Thursday, March 5, 2015

What Is Heard May Be in Your Heart

I still don't really know what Davy Arnaud said. I wasn't there and the video isn't totally clear. If Rolfe was indeed spit on, (as Chris Pontius himself attests) Arnaud may have been issuing a warning. 

What I do know is this - what we perceive is partly the result of what we've gone through in the past. Our filter is a lot of what we see. 

Here's the first tweet I got last night. 

The next day, I figured that somebody had to have more info, so I asked about it. 
So I retweeted.

A DC United player verified one aspect of the debate.  

Meanwhile, I was fielding criticism of my own.  

Others still weren't sure what was said.  

The video got made into a Vine.  

I started to wonder if the racism could be in the eye of the beholder.  

Others still aren't sure. The truth is still out there.  

Meanwhile, here's the story on the game I did watch and write on.  

** Update - I got a call from DC United's communications director about my tweets. Apparently the team is looking through video to try to prove the spitting incident by an Alajuela player. Multiple DC players verified to him that it did happen, even if the cameras missed it. He was concerned that my tweeting was putting Arnaud in an unfairly bad light and wanted to remind me to reach out to the team if I have questions like this one in the future. 

Honestly, I would have contacted the team if I had gone into this as a story, doing research, but I don't cover MLS as a regular beat any more. Instead, I was reaching out on Twitter to MLS reporters in general, wondering if any followed up on the controversy. I don't regret that, because it opened up some interesting perspectives and I think all the people involved were in general fair about it. Still, it reminded me that as a reporter, even idle questions about stuff on Twitter has ramifications. People will treat what I tweet differently than just a random account, even if it's not directly connected to anything I'm reporting. I guess my point is that sometimes even my limited influence has some effect. I have to stay aware of that.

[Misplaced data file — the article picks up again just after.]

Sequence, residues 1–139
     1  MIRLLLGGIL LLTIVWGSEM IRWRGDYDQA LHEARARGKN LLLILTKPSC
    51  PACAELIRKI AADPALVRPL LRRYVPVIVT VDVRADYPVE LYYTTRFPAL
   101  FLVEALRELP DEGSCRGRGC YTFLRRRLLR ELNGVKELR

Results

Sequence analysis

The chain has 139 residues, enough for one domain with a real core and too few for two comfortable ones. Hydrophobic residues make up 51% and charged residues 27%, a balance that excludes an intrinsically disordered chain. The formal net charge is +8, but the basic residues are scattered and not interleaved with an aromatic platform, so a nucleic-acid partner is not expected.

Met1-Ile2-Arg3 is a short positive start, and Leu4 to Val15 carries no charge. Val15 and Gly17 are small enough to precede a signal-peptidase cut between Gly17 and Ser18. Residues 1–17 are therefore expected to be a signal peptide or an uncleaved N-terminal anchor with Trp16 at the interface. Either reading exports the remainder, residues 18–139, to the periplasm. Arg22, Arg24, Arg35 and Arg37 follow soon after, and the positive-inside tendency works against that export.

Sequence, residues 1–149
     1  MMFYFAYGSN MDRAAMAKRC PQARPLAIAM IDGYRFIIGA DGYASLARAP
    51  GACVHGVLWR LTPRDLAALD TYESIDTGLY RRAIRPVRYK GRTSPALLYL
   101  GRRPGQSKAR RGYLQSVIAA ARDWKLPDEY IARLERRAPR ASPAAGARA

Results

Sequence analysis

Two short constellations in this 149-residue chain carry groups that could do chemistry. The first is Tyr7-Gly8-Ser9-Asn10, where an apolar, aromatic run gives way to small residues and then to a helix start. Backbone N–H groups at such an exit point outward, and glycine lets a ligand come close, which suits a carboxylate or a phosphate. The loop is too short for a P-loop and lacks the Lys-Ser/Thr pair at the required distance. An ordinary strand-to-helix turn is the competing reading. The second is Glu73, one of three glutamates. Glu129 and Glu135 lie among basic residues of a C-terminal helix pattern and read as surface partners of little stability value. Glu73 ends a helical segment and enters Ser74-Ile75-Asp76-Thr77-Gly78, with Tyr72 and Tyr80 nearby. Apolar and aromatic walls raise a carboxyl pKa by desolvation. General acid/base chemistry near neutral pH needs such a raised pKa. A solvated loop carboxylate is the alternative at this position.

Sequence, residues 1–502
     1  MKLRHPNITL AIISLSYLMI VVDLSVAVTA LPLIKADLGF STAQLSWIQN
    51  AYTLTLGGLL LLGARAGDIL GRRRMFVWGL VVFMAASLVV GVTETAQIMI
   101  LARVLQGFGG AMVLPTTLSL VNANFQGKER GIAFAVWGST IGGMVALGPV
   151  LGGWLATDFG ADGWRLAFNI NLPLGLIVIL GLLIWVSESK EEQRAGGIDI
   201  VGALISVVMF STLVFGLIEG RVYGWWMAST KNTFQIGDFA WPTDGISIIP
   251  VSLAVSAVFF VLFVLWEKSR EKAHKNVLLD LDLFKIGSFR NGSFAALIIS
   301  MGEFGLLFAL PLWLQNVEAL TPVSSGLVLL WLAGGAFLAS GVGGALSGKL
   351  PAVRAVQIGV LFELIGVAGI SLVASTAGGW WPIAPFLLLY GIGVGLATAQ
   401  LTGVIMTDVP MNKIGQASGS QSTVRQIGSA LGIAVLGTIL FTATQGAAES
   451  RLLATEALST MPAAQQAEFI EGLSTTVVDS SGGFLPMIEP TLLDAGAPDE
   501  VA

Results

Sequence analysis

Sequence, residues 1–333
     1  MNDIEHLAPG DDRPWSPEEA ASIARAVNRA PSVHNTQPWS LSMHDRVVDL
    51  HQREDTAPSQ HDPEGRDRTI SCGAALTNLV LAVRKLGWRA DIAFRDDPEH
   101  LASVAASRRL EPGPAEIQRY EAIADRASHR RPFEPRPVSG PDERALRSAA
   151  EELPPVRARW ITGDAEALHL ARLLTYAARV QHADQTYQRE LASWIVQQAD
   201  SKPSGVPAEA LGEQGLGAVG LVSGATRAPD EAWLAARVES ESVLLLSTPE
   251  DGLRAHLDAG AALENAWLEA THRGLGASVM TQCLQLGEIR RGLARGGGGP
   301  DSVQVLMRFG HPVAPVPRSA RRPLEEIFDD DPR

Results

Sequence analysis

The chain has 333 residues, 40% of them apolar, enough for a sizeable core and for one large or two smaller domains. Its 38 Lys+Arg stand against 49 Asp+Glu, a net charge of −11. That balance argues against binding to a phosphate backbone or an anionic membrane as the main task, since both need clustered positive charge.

Finally, though, it's still DC United's version of events being told here in regards to the video. I was contacted by another reporter who is reaching out to Alajuelense. If I get an update on that end, I'll include it here as well.


John Leitzke said...

Thanks for discussion on difficult subject. Unfortunately, remarks with racial overtones are exchanged frequently on the field between opponents, teammates & friends. And I'm sure all the Latino fans of DC United (and they are legion) would defend comments by Arnaud if they saw any spitting. But we fans, coaches (and when we are playing) really have to control ourselves and to acknowledge unsportsmanlike behavior anywhere in sports. (or anywhere in life). By ourselves and by our favorite players. There may be plenty of good reasons, but there is never any excuse.

DC United Fan - John Leitzke - (@leitzkejs)

A.C. said...

Thanks for your comment. I agree that in the heat of the game, even players who are normally polite and generally considerate may say stuff they wouldn't otherwise, but as the advert says, "Don't cross the line" There shouldn't be any excuse for racial abuse.